DiCiccio's entry in Valley government came after political about-face
August 1, 2012
The Arizona Republic
As a self-described "populist conservative," he has been among the most controversial figures in Phoenix politics since his 2009 return to City Hall.
But District 6 city Councilman Sal DiCiccio's roots don't hint at the conservative Republican that he grew to be.
He was born in the pro-labor, rust-belt town of Youngstown, Ohio. As with many Italian immigrants, his extended-family members were New Deal Democrats.
Against that background, DiCiccio morphed into the lightning-rod for conservative causes in the Valley, often going against the grain of everyone up to and including the mayor. DiCiccio has pushed for greater transparency in city-union contracts.
His transformation came during his high-school and young adult years, influenced by limited financial resources when he was a kid in Tempe, forever ingraining the lesson financial frugality. Growing up in Arizona also exposed him to the ideas and influences of John Rhodes and Barry Goldwater.
"I just don't believe government always works in the best interest of the public," he said.
Former Phoenix mayor and Democrat Phil Gordon acknowledges that while he and DiCiccio have fundamental and philosophical differences that often caused them to spar, they get along well and are friends.
"Sal is very reflective of the way this country's politicians have gone in the last two decades," he said. "In Arizona, the representative majority is much more extreme. Certainly, Sal has carved out a notch and raised a lot of issues, a couple we worked on in agreement."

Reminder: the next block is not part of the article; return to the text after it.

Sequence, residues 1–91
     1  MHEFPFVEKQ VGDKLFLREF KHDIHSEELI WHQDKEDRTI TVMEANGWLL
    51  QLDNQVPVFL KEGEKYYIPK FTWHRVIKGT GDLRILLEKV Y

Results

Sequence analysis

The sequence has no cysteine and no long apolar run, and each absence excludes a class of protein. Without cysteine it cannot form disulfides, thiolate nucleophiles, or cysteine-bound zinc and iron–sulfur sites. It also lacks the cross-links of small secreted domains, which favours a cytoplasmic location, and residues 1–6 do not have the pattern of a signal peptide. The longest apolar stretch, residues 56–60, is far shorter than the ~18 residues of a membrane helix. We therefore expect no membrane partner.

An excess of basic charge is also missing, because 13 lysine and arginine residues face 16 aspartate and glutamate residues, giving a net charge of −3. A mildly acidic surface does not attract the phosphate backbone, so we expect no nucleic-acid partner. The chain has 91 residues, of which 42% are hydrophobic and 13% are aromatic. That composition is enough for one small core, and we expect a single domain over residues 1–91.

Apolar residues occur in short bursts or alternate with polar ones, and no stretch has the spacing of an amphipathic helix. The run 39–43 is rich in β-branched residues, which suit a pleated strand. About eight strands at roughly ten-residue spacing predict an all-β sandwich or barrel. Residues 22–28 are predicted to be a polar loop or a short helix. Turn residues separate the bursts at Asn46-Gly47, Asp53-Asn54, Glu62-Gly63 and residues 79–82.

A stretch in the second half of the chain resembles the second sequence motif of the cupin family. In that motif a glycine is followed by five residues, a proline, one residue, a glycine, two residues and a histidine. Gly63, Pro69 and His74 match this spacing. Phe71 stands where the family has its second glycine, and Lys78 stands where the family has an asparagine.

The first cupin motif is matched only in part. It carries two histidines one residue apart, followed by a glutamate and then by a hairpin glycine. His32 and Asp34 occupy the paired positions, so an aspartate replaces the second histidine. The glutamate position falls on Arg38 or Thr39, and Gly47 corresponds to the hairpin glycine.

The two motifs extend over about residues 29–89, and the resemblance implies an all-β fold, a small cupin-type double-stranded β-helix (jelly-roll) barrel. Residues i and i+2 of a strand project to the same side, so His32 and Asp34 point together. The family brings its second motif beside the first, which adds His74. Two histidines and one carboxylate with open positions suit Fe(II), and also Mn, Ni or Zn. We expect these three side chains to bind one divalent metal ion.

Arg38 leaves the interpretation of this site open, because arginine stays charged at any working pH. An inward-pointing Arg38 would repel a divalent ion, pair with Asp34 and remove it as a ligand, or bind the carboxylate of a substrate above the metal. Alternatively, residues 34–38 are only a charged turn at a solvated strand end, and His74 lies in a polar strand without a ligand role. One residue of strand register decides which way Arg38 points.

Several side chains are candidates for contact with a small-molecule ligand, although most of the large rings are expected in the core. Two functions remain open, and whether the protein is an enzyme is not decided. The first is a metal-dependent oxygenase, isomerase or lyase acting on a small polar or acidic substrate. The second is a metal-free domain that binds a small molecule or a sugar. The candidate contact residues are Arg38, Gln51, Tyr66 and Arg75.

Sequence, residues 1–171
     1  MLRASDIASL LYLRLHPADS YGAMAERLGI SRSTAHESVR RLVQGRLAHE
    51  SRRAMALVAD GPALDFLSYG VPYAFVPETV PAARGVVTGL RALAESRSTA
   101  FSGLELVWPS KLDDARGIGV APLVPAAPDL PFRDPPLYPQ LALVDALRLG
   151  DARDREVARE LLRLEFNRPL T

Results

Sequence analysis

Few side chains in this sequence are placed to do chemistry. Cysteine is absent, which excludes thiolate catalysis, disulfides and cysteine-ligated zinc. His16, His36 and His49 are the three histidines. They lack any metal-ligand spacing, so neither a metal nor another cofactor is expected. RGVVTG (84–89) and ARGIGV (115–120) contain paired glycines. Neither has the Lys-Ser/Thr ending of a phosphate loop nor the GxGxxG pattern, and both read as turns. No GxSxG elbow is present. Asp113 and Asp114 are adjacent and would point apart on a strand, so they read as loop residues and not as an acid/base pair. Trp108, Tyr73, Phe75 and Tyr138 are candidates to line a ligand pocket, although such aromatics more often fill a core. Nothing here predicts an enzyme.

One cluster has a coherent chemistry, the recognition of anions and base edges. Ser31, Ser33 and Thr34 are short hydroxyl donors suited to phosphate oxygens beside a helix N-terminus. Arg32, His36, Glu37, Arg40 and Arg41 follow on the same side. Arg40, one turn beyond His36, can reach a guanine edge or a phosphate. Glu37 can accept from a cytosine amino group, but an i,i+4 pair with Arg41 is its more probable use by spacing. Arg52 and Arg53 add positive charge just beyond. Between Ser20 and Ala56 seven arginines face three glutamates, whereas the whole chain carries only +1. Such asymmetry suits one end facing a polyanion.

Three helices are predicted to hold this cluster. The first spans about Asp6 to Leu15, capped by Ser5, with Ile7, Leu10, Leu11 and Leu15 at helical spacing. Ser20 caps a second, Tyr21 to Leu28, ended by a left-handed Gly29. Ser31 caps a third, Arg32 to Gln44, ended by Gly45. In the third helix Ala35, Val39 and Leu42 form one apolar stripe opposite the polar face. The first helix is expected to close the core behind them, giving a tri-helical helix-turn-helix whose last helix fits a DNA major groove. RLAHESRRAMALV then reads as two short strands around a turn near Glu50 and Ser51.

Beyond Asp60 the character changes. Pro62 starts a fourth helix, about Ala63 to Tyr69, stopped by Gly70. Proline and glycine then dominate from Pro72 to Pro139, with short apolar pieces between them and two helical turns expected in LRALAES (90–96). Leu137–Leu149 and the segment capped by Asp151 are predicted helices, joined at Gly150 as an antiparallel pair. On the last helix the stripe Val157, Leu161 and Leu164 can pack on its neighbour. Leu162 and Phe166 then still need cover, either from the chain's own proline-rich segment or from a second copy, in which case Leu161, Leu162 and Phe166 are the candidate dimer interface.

Gordon said their cooperation on those issues shows that DiCiccio is not always an ultra conservative.
"I think there has been a significant contradiction over the past eight years on some of his policy issues," he said. "But I'm grateful for his help. He deserves credit for the investment in education, and police and fire and building universities."
DiCiccio said he returned for a second stint on City Council in 2009 because he believed that he could use his financial background to help the city during its financial crisis. He started out as a "team player" but said he "realized the public was being told a phony story and wasn't being told the truth."
"The last two years have been basically bloody," he said. "They have just been horrible...I mean, its hard walking in an elevator when you've got everyone thinking that you hate them, when in fact you don't. You just want them to clean up and do what the private sector does."
But it was DiCiccio's connections to the private sector that led to questions about his public role in the debate to move the South Mountain Freeway from Pecos Road to the Gila River Indian Reservation.
In 2006, DiCiccio was hired as a consultant by the Arizona Department of Transportation to persuade GRIC to allow the freeway to be built on tribal land.
The following year, DiCiccio made an agreement with GRIC to develop a 75-acre parcel at Pecos Road and 40th Street. Unless the freeway is not built, the land will bring a large profit, with DiCiccio making 20 percent.
"People always claim that I have a conflict on it because I've had a small interest on a piece of property on the Gila Indian Reservation," he said. "I know there is a way to fix it to where everybody can get a win-win. The Gila River Indian Community, the taxpayers and the Ahwatukee Foothills."
Gordon pointed out that DiCiccio was upfront about the land deal and was cleared to participate by the city attorney.
"I really never understood a lot of the details," Gordon said. "But the appearance (of a conflict of interest) was there, which in our profession is as meaningful to the voters as the legal technicalities."
DiCiccio said he got involved in the discussion after returning to office because it is the most important issue facing Ahwatukee in the past two decades.
"My first priority is to protect the public out there," he said. "And if you look at Ahwatukee Foothills, it would literally tear up 200-plus homes, a church, businesses all up and down that road...I'm going to continue to say something about it because I have an obligation and a responsibility to make sure that my citizens are protected."